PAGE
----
“This is the first concrete, upfront acknowledgement that there are issues hindering the effective implementation of the CPSIA”, Jill Chuckas, Crafty Baby (CT) and Secretary of the HTA stated. “Still, there were many specific recommendations that we had hoped would be included with the report. We will continue our efforts until we see common sense changes that will allow crafters and other small batch manufacturers to easily show their compliance under the law and stay in business.”
The Handmade Toy Alliance (HTA) has been a continuous voice for small batch manufacturers and retailers since November of 2008. In a letter dated January 14, 2010, the HTA called upon the CPSC to include within their report to Congress thirteen specific recommendations for legislative change that would serve to alleviate burdens the CPSIA places on the businesses the HTA represents while continuing to ensure safety in children’s products.
“While we greatly appreciate the work the CPSC has done and continues to do – reaching out to our membership and addressing our concerns – a legislative change to the CPSIA is necessary to fully address the many unintended consequences of the CPSIA”, Dan Marshall, Peapods Natural Toys (MN) and Vice President of the HTA discussed. “The recent reports of increased cadmium use in children’s jewelry only serves to highlight the need for risk analysis to be reinstated in the actual legislation.”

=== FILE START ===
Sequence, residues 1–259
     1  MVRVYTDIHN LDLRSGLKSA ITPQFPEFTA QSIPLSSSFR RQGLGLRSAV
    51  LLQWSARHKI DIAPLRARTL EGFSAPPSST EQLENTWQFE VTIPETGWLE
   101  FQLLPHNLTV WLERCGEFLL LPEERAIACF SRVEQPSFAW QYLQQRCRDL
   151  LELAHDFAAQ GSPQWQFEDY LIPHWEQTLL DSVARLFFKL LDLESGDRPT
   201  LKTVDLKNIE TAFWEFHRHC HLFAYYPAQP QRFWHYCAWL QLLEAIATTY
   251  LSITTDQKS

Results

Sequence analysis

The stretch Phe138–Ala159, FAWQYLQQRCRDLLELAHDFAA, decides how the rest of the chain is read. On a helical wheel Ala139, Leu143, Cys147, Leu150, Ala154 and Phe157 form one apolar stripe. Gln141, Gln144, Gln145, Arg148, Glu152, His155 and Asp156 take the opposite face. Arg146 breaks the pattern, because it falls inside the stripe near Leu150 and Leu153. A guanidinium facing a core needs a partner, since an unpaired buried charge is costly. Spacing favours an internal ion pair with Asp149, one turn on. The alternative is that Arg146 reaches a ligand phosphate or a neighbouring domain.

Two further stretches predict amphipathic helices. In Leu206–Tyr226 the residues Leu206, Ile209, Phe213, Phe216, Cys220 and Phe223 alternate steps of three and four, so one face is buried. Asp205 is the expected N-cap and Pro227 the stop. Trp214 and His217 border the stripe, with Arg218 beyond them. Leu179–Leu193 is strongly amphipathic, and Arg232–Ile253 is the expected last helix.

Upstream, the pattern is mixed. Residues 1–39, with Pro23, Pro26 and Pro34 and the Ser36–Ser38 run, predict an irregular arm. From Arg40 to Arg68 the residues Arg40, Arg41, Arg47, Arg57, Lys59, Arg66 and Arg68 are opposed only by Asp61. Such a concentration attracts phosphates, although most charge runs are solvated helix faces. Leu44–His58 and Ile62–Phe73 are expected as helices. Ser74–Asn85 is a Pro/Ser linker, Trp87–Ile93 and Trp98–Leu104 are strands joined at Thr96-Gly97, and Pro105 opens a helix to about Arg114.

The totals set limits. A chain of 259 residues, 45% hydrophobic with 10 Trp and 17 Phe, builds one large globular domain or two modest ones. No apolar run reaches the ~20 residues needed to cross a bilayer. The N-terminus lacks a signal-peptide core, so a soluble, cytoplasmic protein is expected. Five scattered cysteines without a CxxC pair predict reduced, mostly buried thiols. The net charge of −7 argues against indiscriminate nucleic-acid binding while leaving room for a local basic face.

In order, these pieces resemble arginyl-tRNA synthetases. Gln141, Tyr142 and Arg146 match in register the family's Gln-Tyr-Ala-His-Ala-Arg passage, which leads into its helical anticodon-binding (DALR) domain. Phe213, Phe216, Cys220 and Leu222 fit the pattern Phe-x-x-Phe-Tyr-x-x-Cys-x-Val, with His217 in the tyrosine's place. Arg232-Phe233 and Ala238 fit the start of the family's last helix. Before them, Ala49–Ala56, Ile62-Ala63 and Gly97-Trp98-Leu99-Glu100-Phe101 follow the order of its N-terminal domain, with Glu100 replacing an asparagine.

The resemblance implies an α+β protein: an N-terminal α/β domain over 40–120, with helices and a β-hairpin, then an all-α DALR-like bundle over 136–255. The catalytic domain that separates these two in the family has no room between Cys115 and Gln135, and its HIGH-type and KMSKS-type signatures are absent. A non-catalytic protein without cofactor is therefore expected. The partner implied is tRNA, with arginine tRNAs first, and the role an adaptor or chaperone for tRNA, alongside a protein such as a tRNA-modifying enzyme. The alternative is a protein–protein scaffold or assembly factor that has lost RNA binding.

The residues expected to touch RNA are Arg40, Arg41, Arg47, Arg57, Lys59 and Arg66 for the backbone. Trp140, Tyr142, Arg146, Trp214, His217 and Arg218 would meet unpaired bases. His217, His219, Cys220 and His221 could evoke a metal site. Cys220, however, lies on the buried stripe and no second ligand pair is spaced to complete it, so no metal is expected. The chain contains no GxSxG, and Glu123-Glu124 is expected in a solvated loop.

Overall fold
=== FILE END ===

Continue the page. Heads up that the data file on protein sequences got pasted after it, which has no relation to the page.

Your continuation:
Four out of five Commissioners issued their own personal statements with further recommendations designed to improve implementation of the Act. Specifically, Commissioner Northup outlined a detailed list of legislative suggestions, including allowing for a level of de minimis risk of absorbable lead.
“We applaud Commissioner Northup for advocating open government by listing letters that we have all sent to the Commission over the months, as an appendix to her comments”, Rob Wilson, Challenge and Fun (MA) and HTA Board member stated. “Commissioner Northup is clearly advocating the middle ground between business, safety, regulatory necessities, and common sense.”
Image: Capitol Blocks by Haba, which was once made in the US, then moved to Germany, and is now made in China.